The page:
Aquasend, an aquaculture sensor startup, recently deployed three Aquasend beacons at Waikalua Loko l’a, a Hawaiian fish lake, through a partnership in the Xylem Innovation Labs Incubator Program. The Pacific American Foundation, which oversees the project, uses the beacon data to help conserve native mullet and milkfish.

Prior to Hawaii’s statehood, there were approximately 500 fishponds throughout the Hawaiian Islands. Over time, the number of fish ponds decreased to less than 100. Efforts to protect Hawaii’s remaining fishponds are growing with help from the Pacific American Foundation. They focus on restoring and studying the carrying capacity of Waikalua Loko l’a. To aid in these efforts, Aquasend Beacons will monitor the amount of biomass the pond is equipped to support through dissolved oxygen (DO) levels and temperature data collected.

Located in Oahu, Hawaii, the Waikalua Loko l’a Fishpond was built over 400 years ago by the first Hawaiians after a careful study of water and tides. The fisherman realized that creating water barriers would lead to a more consistent and abundant harvest of fish.

Waikalua Loko l’a works with stationary gates, called makahas, located in the channel and built into the seaward wall of the pond. Keeping with the original design created by Hawaiian ancestors, the gates were made with small upright wooden poles connected by rope to release small fish into the pond. The fish would feed, grow, and become trapped in the pond due to their larger size.

The pond is made of a combination of salt and fresh water, the Waikalua Loko l’a consists of North Pacific salt water from a bay that actively circulates the pond, filtering through the land to enter the pond, while the saltwater, freshwater streams surround the Kawa and Kane’ohe . pond.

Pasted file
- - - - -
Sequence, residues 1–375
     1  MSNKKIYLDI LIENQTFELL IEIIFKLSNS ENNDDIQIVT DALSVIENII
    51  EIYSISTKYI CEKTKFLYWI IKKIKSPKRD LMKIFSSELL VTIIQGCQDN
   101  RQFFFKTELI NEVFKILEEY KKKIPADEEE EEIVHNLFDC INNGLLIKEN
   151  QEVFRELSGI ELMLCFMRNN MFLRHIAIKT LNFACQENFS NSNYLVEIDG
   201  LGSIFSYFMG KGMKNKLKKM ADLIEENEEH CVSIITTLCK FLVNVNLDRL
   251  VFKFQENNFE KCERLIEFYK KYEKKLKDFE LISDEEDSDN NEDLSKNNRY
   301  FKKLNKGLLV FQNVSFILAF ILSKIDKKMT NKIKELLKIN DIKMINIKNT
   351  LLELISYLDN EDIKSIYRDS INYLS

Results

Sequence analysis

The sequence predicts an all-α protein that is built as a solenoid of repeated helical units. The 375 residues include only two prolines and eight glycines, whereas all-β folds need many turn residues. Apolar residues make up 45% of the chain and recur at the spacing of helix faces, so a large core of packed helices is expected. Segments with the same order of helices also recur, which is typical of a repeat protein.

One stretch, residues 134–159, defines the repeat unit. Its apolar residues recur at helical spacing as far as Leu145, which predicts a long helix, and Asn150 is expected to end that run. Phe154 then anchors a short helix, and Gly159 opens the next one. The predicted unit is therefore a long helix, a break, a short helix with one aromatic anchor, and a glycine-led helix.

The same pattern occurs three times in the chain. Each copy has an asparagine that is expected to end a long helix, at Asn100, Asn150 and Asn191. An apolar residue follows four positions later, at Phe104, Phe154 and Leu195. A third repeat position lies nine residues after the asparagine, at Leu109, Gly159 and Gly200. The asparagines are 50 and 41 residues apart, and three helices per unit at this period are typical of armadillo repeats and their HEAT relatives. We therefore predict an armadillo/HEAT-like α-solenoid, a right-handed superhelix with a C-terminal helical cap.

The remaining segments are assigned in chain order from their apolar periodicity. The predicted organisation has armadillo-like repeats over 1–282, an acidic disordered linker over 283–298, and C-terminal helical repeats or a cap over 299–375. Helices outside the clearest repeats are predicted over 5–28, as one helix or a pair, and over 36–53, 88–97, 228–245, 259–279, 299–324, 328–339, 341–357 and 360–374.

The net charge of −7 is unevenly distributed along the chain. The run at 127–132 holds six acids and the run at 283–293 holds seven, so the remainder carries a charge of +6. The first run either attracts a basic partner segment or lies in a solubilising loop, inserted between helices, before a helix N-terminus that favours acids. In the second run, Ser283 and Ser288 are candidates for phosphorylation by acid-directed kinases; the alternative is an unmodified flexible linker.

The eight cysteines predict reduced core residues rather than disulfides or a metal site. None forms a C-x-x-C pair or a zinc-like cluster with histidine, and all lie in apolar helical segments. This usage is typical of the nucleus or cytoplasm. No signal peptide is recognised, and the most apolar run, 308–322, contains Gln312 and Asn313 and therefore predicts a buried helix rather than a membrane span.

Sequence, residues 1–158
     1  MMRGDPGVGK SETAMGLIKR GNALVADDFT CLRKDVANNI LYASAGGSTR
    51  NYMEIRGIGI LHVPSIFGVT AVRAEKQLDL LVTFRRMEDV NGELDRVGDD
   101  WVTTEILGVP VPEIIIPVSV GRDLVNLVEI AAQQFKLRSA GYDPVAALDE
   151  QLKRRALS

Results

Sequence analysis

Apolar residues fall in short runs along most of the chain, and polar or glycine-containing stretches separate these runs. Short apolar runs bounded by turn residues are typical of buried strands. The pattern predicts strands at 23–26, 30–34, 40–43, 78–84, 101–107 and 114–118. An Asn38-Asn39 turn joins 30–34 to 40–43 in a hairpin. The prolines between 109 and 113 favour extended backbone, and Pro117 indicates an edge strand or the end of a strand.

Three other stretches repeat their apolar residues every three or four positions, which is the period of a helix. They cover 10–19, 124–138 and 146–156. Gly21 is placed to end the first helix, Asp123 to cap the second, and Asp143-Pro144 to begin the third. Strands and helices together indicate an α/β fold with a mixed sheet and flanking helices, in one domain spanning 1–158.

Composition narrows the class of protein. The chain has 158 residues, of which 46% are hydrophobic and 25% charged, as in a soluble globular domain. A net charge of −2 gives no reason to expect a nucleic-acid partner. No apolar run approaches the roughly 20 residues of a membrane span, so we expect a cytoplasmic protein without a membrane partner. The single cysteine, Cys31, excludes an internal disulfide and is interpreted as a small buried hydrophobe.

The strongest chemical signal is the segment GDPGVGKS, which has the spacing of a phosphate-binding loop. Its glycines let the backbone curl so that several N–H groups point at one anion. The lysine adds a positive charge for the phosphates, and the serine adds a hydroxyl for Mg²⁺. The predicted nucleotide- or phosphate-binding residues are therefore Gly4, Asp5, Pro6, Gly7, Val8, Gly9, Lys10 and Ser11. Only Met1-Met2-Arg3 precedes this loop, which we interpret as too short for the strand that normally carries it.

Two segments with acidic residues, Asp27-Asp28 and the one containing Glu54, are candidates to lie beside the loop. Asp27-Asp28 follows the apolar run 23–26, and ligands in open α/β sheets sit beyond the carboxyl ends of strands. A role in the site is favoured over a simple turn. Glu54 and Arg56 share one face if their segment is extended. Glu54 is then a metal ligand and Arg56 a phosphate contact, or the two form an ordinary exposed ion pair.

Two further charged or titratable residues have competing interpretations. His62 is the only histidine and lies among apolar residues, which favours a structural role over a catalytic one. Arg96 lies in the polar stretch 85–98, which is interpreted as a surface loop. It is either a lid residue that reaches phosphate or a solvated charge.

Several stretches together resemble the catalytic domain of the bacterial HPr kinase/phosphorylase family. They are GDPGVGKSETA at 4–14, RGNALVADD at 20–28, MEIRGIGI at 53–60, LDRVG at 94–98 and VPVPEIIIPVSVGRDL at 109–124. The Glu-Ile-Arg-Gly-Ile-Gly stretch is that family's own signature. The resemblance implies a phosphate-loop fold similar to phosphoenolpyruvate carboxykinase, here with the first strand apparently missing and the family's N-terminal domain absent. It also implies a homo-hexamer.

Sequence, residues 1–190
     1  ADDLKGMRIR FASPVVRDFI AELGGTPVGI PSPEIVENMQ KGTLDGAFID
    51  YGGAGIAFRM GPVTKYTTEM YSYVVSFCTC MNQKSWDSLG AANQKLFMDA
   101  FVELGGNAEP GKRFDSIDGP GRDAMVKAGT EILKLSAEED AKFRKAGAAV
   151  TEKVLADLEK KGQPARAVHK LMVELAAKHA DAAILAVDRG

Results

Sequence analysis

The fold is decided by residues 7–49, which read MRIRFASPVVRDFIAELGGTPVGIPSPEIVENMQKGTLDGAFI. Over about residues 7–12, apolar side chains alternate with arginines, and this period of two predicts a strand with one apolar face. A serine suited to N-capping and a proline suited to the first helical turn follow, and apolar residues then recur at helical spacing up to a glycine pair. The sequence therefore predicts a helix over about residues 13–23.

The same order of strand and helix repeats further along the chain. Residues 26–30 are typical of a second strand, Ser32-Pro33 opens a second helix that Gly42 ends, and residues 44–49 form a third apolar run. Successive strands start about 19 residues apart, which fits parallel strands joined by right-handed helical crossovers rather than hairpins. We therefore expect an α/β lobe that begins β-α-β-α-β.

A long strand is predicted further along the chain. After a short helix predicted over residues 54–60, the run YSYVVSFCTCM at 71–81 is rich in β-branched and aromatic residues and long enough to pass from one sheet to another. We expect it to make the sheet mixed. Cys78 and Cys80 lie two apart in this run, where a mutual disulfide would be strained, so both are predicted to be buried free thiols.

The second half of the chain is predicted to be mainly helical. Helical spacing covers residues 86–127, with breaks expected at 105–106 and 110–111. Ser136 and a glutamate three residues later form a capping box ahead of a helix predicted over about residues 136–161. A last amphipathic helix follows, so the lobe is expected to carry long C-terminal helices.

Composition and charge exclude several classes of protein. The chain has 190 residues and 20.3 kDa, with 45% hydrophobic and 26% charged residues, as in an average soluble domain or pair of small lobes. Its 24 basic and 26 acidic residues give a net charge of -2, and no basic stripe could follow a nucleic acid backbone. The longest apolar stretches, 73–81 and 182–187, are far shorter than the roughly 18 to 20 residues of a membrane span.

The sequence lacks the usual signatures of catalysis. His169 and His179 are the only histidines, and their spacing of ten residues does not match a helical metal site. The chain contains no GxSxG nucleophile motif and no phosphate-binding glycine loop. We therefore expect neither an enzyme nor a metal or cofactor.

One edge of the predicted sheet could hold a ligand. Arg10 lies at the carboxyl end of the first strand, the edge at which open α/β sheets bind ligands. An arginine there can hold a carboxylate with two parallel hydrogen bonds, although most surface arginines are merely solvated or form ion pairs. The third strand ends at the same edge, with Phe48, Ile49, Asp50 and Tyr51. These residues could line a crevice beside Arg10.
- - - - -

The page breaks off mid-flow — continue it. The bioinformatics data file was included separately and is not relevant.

The Aquasend Beacon will continuously monitor the pond’s dissolved oxygen (DO) and temperature levels throughout the day to assess the pond’s fish density. It has been more than 50 years since Waikalua Loko l’a Pond became acclimated to aquatic life, so it is essential that pond water is carefully monitored and brought to a safe level for successful pond restoration.

“We are excited to be a part of the regrowth of Waikalua Loko l’a Pond and have the opportunity to expand Aquasend water technology operations through our partnership in Xylem’s Incubator Program. Our goal is to support this industry with information and solutions,” says Kristin Elliott, CEO of Aquasend.

Advanced water quality technology is needed to determine pond viability. Three Aquasend beacons are positioned and installed across the pond’s saltwater to collect data on both moving and still water points. The buoys collect dissolved oxygen and temperature measurements continuously every day for three months in real time.

The data gathered over these months will give the Pacific American Foundation the basic information it needs to begin safely populating the pond with native mullet and milkfish. Beacon’s research will provide a better understanding of Waikalua Loko l’a conditions and ultimately help grow Waikalua Loko l’a and other ponds across the Hawaiian Islands to generate income and sell local produce.

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